Monday, 17 April 2017

I am part of the problem......Burning wood to heat my home isn't as green as I thought

For almost ten years I have been heating my house plus hot water and cooking with wood. I thought that I was doing the right thing and that all that work chainsawing, splitting  logs and stacking gave me a  carbon neutral fuel.

Wrong!... it has gradually dawned on me ( I'm a slow thinker) that I am part of the climate change problem. For a given heat output, burning coal would emit fewer particulates and less carbon dioxide.

Fuel miles!
Wood fuel returns carbon to the atmosphere that was absorbed when the trees were growing but the carbon released by the trees that I am burning today will not be totally reabsorbed for fifty to a hundred years so the atmosphere is taking a big hit now. It wouldn't be so bad if I was planting more trees to capture that carbon when the trees grow.

Then there are the fuel miles used to deliver the wood probably a 300 km round trip with a huge truck burning 100 litres of diesel to bring it's 25 tonne load. Then there's the chainsaw fuel at about 1.5 litres per tonne and the log splitter at 0.5 litres / tonne fuel miles add up quickly.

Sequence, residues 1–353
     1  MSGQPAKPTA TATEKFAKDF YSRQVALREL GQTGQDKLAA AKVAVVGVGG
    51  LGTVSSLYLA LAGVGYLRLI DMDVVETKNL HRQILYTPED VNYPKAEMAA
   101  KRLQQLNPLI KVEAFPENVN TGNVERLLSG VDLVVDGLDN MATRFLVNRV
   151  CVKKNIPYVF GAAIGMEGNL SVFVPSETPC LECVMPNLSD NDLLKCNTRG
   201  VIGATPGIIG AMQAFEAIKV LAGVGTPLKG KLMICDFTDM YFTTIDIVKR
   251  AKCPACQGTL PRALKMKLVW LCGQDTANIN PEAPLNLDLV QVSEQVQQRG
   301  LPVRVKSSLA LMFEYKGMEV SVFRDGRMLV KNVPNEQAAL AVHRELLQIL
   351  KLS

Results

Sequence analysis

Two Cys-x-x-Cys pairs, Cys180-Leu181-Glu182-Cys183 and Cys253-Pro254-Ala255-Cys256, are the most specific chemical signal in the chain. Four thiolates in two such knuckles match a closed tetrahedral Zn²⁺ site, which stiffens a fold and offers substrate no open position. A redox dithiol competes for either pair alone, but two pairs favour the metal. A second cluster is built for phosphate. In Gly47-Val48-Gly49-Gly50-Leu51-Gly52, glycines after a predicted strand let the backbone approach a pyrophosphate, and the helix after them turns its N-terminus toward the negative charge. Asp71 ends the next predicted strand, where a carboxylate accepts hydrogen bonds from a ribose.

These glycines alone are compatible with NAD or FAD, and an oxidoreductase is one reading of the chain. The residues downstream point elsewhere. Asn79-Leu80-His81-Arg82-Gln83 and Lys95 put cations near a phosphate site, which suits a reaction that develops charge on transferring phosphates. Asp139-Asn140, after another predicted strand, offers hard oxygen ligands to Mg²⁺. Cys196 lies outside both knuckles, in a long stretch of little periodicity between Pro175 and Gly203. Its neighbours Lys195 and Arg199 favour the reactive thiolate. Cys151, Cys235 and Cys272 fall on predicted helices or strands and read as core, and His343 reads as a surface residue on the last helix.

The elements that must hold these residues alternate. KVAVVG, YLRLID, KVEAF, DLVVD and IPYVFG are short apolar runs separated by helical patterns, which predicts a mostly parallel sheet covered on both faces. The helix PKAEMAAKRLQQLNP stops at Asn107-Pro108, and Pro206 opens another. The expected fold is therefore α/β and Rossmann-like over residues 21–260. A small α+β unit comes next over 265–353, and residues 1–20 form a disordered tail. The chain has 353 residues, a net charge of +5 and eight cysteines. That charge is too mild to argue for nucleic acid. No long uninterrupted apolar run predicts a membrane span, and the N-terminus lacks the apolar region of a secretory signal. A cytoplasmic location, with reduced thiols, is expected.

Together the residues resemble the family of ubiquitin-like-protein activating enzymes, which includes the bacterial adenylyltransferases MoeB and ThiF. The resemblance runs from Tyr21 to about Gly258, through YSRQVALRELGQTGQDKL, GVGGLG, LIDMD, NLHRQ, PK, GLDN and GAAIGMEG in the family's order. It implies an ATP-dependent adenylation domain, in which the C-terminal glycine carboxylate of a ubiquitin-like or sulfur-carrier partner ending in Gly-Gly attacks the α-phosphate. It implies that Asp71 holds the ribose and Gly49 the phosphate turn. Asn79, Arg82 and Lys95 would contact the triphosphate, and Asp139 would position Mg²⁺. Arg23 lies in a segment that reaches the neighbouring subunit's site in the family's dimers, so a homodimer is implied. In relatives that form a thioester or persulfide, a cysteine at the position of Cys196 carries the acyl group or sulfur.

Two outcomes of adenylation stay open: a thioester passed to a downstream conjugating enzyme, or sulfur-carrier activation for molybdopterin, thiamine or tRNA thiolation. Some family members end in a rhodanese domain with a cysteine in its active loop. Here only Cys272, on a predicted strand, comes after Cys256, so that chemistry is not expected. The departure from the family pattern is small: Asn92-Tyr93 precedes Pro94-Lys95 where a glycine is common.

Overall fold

The greenest way to burn wood would require me to have about 4 ha (10 acres) of my own sustainably managed woodland. If I plant it now there may be thinnings to harvest in 30 - 40 years. I don't have a mature sustainably managed woodland. So what is the green alternative?

I have to make a choice between an oil or LPG fueled boiler or air source heat pump plus  a dual fuel (LPG and Electric) range cooker, with a wood burning stove as back up for power cuts.







1 comment:

Michael Mable said...

A thought-provoking post, Tom, and I think a lot depends on one's situation. I live in Herefordshire, where there is, relatively speaking, quite a lot of deciduous woodland, and much available for harvest and local sale for timber and firewood. It helps, too, that we're friendly with a local tree-surgeon, for whom firewood is effectively a saleable by-product of his main business, so in our circumstances, our wood-burner is fairly moderate in its environmental impact, and being a modern one it's remarkably efficient and clean-burning.

I think too, you also have to factor in the carbon-cost of winning the coal from the ground and transporting that (perhaps even halfway around the globe?) - after all, it doesn't grow on trees anymore... (sorry, awful pun)